Brian Eyler | Maryland DNR | firstname.lastname@example.org
ANNAPOLIS, MD (January 1, 2013) – Chronic wasting disease (CWD) is one of several diseases classified as transmissible spongiform encephalopathies, or TSE’s. Scrapie in sheep, mad cow disease (BSE), and variant Creutzfeldt-Jakob disease (vCJD) in humans, are also TSE’s. While humans can contract vCJD from eating BSE-infected beef, there is no evidence that CWD can be contracted from eating infected venison. To date, CWD has only been found in mule deer, white-tailed deer, elk and moose
The Maryland Department of Natural Resources (DNR) has been testing for CWD since 1999. Efforts were increased in 2002 with the discovery of the disease in Wisconsin. As of 2012, over 7,500 deer have been tested for the disease statewide. In recent years, efforts were focused in Allegany County near to where West Virginia discovered the disease in 2005. To date, DNR has detected the disease in one deer. The single positive sample was taken from a 1½ year old buck shot in Green Ridge State Forest during the 2010-11 firearm season, near the West Virginia outbreak; that is why the Maryland Invasive Species Council has named Chronic Wasting Disease as the October Invader of the Month.
While there is still some speculation that CWD can infect humans, there is an increasingly convincing amount of data and research that shows there is no tendency for this disease to ‘jump’ the species barrier. There is hope that CWD is more like scrapie, which was first identified in the 18th century and has never been documented to infect humans. Nevertheless, CWD is a disease to be cautious of and it is appropriate for wildlife agencies across the nation to be vigilant and respond quickly to positive cases.
CWD was formally identified in 1967 at Colorado State University. The disease was discovered in captive mule deer used for research purposes by the university. CWD remained a cervid (deer family) disease of the west until 2002, when it was discovered east of the Mississippi River in Wisconsin. After the Wisconsin discovery, CWD surveillance increased significantly across the country, due largely to federal funding made available by USDA. Since that time, the disease has been discovered in numerous other places, and is currently documented in 20 states, 2 Canadian provinces, and Korea. It is hypothesized that much of the spread of the disease can be attributed to the buying, selling, and transporting of deer and elk across the country, and overseas in the case of Korea. In some areas the disease is confined to captive cervids, whereas in other areas, like Maryland, it is found in free-ranging animals.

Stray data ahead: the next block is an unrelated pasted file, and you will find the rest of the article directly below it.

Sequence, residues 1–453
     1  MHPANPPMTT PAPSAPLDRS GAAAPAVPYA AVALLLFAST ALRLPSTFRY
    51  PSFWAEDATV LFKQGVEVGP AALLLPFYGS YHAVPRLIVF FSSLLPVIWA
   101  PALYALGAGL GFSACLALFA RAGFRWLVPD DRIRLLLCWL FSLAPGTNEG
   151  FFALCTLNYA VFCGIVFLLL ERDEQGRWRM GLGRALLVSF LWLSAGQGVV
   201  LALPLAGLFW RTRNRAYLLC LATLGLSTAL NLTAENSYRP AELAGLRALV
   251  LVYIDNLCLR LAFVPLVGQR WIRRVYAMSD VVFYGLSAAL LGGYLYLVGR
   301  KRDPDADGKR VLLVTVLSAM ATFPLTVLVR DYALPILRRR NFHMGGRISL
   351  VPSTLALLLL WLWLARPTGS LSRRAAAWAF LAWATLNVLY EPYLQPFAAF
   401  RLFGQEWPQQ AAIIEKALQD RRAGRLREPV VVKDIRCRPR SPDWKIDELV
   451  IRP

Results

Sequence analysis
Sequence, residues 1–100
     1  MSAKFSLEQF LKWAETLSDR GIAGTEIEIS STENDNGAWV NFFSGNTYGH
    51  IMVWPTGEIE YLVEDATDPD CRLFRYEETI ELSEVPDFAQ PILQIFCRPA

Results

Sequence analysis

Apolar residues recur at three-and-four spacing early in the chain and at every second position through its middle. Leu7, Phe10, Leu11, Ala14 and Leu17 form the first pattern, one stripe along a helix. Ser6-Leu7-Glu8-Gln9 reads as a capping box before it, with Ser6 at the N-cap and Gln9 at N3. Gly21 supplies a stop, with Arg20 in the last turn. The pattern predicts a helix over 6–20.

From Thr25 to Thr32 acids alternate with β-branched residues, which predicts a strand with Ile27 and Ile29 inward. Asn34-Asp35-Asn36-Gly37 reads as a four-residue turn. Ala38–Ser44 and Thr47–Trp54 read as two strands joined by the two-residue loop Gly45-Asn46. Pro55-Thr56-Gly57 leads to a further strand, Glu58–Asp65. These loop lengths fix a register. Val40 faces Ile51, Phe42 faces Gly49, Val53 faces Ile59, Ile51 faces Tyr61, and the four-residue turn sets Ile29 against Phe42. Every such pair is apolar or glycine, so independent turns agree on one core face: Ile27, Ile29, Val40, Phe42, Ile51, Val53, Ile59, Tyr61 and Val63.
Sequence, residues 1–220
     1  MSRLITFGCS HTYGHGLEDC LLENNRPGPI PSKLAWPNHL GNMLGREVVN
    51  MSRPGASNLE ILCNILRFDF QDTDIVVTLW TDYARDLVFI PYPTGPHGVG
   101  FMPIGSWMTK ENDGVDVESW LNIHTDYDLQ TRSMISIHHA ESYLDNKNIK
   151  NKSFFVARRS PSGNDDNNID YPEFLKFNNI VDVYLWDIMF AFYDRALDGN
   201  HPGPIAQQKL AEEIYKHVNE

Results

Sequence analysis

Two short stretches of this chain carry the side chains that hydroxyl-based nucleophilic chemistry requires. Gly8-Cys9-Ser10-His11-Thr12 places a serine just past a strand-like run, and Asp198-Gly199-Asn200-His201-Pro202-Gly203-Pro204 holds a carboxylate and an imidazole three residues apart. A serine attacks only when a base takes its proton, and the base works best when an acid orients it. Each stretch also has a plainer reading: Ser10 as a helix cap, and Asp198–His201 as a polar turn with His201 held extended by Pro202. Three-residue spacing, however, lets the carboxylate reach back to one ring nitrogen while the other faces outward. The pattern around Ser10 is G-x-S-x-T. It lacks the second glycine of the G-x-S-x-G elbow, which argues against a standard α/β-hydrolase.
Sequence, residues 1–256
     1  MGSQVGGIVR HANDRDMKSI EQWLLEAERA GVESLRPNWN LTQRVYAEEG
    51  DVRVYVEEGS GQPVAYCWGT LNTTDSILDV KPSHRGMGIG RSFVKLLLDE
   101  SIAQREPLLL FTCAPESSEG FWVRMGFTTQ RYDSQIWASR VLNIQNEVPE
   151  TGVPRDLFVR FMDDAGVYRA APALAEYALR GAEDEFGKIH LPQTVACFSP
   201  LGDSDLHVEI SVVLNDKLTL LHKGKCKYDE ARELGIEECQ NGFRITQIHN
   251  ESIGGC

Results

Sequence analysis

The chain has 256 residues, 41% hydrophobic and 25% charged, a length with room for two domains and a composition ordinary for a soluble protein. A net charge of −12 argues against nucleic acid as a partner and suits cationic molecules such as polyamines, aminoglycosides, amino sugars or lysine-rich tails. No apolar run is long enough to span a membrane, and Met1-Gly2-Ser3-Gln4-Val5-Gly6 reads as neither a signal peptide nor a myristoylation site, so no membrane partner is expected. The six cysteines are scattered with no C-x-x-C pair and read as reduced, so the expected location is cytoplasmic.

TSE’s are unique in that they are not caused by bacteria or viruses, but instead by mutated proteins called prions. Prions cause normal proteins found in the neurological system to mutate when they come in contact and these mutations ultimately result in brain tissue damage and eventual death. Prions are extremely difficult to destroy and can persist in the environment for years. Chemical hydrolysis digestion is the most effective way to destroy prions. Research continues on modes of disease transmission, but results to date indicate CWD can be passed among deer via saliva, excrement, and previously infected soil in the environment.
Managing for CWD is not easy. The disease most likely will not cause significant declines in deer populations in the east for the foreseeable future, but it will impact hunter behavior and could actually have the opposite effect on deer numbers. Some states with CWD have shown declines in hunter effort in CWD areas, resulting in decreased annual harvests, which are needed to maintain deer populations. Educating hunters and the public about CWD and maintaining public confidence regarding the disease is critical to effectively managing the disease.
It should be noted that states with CWD that have attempted to eradicate the disease or slow its spread via deer density reductions have had little success. As a result, MD DNR has not employed sharp-shooting or liberalized seasons and bag limits in its CWD management efforts. Baiting and feeding deer was prohibited in the CWD management area, and transport of potentially infected carcass parts out of the area was restricted. Dumpsters were placed in the management area for carcass disposal, and select processors (butcher shops) and taxidermists in the area were identified and educated on proper carcass handling and disposal.
MD DNR will continue to test for CWD annually, concentrating on the current management area. Unfortunately, given the growing infection zone in West Virginia, it is unlikely Maryland will be CWD-free in the near future. While DNR definitely does not want CWD to spread quickly throughout the state, neither does it see the need to significantly impact hunters on a large scale with additional regulations. The best approach at this time is to monitor the presence of the disease in the state, remain up-to-date on developments in CWD research and findings, and continue to educate the public on how to live with CWD.
For more information about Invasive Species of Concern in Maryland, visit the Maryland Invasive Species Council.